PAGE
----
The RTX 3090, 3080 and 3070 launch was neat, but it lacked one important thing: Actual benchmarks with actual frame rate figures.
In the first look at a live benchmark — not a verified one, but at least live gameplay — Nvidia have released a comparison video of DOOM Eternal gameplay at 4K. Running at max settings, the video has side-by-side comparisons with an RTX 2080 Ti, showing the difference in performance between the two cards.
DOOM Eternal doesn’t have any ray-tracing, so there’s no comparison of those features. And DOOM Eternal is also one of the most well-optimised games around, helped by id’s expertise with the Vulkan renderer.
The video doesn’t offer a side-by-side gameplay comparison for the entirety of the shot, and some large battle scenes are only shown running off the RTX 3080. Still, it’s enough to give a comparison of what to expect. In one comparison shot, there’s about a 40 to 50fps difference between the RTX 2080 Ti and the RTX 3080 — although it’s a cut-scene and not indicative of the game’s most intensive sequences.
Another cut-scene before a big fight shows a much smaller game of around 20-30 fps. The RTX 3080 drops to closer to 100fps, but for the most part it hovers around 120-140fps.
The pitch for the RTX 3080 is that it’s a card for high-refresh rate 4K gaming, whereas the RTX 2080 Ti was sold as the world’s first 4K/60fps GPU. I wouldn’t take DOOM Eternal as proof that the RTX 3080 is truly capable of all of that just yet, because DOOM Eternal is an outlier in just how well optimised it is.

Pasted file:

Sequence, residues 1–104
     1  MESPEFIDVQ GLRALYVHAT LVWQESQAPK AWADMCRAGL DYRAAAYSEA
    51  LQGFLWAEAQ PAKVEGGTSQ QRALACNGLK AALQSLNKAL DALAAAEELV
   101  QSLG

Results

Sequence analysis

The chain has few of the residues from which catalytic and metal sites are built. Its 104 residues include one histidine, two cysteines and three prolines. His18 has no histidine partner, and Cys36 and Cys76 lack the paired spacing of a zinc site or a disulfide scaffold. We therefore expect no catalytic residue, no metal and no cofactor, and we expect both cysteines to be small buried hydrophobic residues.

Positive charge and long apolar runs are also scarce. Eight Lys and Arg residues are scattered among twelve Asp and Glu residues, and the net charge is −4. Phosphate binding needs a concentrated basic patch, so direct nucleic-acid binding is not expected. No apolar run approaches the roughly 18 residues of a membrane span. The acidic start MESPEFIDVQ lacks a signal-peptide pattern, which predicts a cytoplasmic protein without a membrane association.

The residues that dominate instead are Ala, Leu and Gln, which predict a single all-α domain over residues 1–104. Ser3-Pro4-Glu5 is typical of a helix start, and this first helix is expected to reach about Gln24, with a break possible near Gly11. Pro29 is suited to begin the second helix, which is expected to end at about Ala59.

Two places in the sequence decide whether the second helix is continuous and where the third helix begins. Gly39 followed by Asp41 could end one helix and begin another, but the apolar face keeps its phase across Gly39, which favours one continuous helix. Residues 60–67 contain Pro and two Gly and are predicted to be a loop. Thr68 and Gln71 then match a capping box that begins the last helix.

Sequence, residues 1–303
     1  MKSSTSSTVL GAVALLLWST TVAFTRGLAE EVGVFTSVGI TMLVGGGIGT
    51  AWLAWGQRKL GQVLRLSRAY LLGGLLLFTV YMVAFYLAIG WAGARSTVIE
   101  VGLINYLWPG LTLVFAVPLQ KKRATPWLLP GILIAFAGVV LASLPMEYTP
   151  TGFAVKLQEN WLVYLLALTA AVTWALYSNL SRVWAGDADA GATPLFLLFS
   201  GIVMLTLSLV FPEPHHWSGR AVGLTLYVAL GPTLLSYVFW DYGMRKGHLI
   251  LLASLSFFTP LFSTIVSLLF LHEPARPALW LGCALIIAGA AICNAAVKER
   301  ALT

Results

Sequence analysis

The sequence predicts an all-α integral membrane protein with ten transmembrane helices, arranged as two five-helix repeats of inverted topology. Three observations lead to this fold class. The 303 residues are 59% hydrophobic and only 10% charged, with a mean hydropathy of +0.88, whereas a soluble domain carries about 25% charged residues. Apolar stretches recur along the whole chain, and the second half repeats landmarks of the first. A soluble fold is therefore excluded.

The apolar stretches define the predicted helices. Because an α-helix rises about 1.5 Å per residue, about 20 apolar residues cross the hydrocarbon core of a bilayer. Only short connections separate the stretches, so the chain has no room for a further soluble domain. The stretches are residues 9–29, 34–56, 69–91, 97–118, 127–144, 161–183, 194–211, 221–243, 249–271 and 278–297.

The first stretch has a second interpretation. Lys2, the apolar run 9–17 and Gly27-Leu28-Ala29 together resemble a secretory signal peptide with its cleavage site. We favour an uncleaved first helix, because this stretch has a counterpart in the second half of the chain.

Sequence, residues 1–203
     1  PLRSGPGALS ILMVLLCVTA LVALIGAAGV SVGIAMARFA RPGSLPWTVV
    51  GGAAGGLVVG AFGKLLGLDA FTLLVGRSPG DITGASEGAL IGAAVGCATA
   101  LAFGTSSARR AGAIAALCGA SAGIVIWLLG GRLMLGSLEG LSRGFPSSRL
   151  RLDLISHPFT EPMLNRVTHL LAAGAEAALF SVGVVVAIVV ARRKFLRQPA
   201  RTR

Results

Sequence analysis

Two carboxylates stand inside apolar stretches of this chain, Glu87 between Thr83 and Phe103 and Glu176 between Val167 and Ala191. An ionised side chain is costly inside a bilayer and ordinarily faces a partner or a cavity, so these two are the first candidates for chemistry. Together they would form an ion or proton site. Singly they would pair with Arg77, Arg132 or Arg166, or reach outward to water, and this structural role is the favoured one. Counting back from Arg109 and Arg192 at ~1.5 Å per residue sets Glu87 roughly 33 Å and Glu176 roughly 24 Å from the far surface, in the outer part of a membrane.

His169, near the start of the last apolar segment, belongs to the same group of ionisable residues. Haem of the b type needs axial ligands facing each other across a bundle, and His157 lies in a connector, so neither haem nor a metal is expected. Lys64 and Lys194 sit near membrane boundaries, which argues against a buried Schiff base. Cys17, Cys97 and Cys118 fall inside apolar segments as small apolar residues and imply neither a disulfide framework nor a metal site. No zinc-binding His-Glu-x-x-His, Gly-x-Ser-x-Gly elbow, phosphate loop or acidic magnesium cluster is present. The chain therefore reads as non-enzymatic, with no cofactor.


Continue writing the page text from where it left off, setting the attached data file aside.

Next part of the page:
But it does answer at least one question: How fast is the RTX 3080 — and potentially the RTX 3070 and 3090 — in games where ray-tracing isn’t a factor? It’s certainly faster, and the price differential is a huge factor. In Australia, the RTX 3080 is coming in cheaper than what the RTX 2080 did, and you’re getting a sizeable performance bump from what the RTX 2080 Ti could achieve.
That alone — especially if you think around 1440p gaming — is a strong pitch for Nvidia to make. Of course, it’s still early days. Reviews of the first Nvidia cards are expected over the coming weeks. And as soon as I’ve been able to run some tests of my own, I’ll let you know how it fares.